Author + information
- ↵⁎Reprint requests and correspondence:
Dr. Frank A. Flachskampf, Akademiska Sjukhuset, Ingång 40, plan 5, 751 85 Uppsala, Sweden
To offer a German perspective on reimbursement and its impact on cardiology practice, key features of the current system in Germany are presented.
Changes in the way cardiology is practiced and reimbursed in the United States—real and anticipated—have created frustrations and concerns among American cardiologists. Therefore it might be informative to look at other developed healthcare and reimbursement systems. In this paper, the authors intend to provide a concise although necessarily incomplete overview of the reimbursement system in cardiology in Germany and how it has affected cardiology practice.
German Cardiology Healthcare
German cardiology, in several respects, provides for an interesting comparison with its U.S. counterpart. Many characteristics are similar. There are no substantial waiting lists for medical procedures (except non-economically caused waiting lists [e.g., for heart transplants]), and there is no rationing. To illustrate the level of cardiology care serving the German population of 82 million inhabitants, who on average are considerably older than their American counterparts (percentage of population over 60 years old, 26% vs. 18%, respectively) (1,2), the following numbers indexed to 1 million inhabitants might be considered (latest available figures, all 2006 or later):
Cardiologists (3,4): Germany 49; United States 85
Coronary angiograms (3,5) Germany 10,573; United States 3,742 (inpatients only)
Percutaneous coronary interventions (PCIs) (3,5): Germany 3,792; United States 4,406 (inpatients only)
Coronary bypass surgery (5,6): Germany 715; United States 1,503
For 2008 total healthcare costs were estimated at 10.5% of the German gross domestic income—higher than, for example, in Great Britain (8.7%) but substantially lower than in the United States (16%) (7).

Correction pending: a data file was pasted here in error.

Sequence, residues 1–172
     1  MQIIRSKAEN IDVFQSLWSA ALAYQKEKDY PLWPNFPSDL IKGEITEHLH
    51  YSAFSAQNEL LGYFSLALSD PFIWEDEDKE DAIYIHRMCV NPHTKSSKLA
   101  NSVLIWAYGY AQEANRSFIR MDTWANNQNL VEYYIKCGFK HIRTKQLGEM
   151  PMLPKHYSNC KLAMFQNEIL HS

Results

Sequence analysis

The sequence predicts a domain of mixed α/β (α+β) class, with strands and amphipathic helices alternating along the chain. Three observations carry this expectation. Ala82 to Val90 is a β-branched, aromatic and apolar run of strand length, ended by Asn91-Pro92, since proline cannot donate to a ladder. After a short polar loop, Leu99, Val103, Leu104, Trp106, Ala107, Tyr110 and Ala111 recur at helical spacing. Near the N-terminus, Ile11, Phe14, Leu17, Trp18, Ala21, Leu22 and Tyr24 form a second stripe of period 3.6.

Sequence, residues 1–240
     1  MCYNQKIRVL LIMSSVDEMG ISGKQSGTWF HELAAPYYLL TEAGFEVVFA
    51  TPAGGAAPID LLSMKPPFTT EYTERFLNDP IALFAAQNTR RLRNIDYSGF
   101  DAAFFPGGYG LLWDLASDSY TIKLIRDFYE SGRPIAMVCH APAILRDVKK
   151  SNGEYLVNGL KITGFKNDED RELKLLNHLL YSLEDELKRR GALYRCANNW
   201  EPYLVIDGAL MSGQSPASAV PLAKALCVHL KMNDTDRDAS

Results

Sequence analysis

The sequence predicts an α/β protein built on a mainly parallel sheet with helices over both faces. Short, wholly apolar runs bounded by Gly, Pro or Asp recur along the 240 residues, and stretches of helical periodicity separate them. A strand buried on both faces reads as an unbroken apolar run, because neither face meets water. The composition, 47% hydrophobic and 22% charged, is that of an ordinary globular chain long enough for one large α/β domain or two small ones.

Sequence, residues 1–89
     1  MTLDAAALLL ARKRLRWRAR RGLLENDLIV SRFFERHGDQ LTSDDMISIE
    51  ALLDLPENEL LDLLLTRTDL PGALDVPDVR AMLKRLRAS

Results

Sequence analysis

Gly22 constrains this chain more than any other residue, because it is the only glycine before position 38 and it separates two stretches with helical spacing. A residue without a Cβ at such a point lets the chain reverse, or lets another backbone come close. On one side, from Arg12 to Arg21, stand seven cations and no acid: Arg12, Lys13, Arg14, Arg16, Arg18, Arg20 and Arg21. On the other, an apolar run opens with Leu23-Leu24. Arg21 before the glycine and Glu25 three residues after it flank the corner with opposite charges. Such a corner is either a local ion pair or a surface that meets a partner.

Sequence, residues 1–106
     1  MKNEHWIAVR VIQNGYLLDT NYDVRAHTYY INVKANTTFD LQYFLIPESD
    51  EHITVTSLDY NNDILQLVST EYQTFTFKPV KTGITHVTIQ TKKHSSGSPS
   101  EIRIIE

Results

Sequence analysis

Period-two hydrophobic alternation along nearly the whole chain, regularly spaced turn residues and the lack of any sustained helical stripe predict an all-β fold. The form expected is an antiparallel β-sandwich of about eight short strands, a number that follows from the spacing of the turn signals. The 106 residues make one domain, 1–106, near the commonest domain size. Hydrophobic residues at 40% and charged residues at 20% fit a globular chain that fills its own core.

Importantly, the healthcare system, including cardiology, is consistently rated overall as adequate and efficient by the German public.
Health care in Germany is financed by a mixed system of “statutory” (Gesetzliche Krankenkassen) and private insurances, which cover very nearly the whole population. The statutory insurances are the default option insuring the vast majority of individuals (approximately 90%). The statutory insurance fee is a fixed percentage of the salary (currently 15.5%), one-half of which is paid for by the beneficiary, and one-half is paid for by the employer. Unemployed individuals are insured in a statutory insurance at the expense of the state. Statutory insurances also cover the family of the employee at no extra cost. All major health costs, including drugs, are paid for, except for small additional fees (e.g., for each outpatient visit, and a per-day fee for hospital stays). Approximately 10% of the population is privately insured; this option can only be chosen by salaried individuals above a certain income level or by state employees. Private insurance fees depend on the extent of services insured (e.g., dental work), co-payments, amenities like single- or double-room hospital accommodation, in-hospital treatment by the chief of the department, and others. Family members are insured at extra cost in private insurance.
Most hospitals are publicly owned or owned by nonprofit organizations; these hospitals finance their costs of operation, including salaries of healthcare personnel, material costs and the like from case-based reimbursement of healthcare services by the insurers; however, major hospital investments, mostly those related to construction, are publicly financed (i.e., from taxes). One-third of all hospitals are privately owned and also receive reimbursement for operational costs from health insurances as the former group of hospitals. Cardiology outpatient care is mainly delivered by cardiologists and internists in private practice.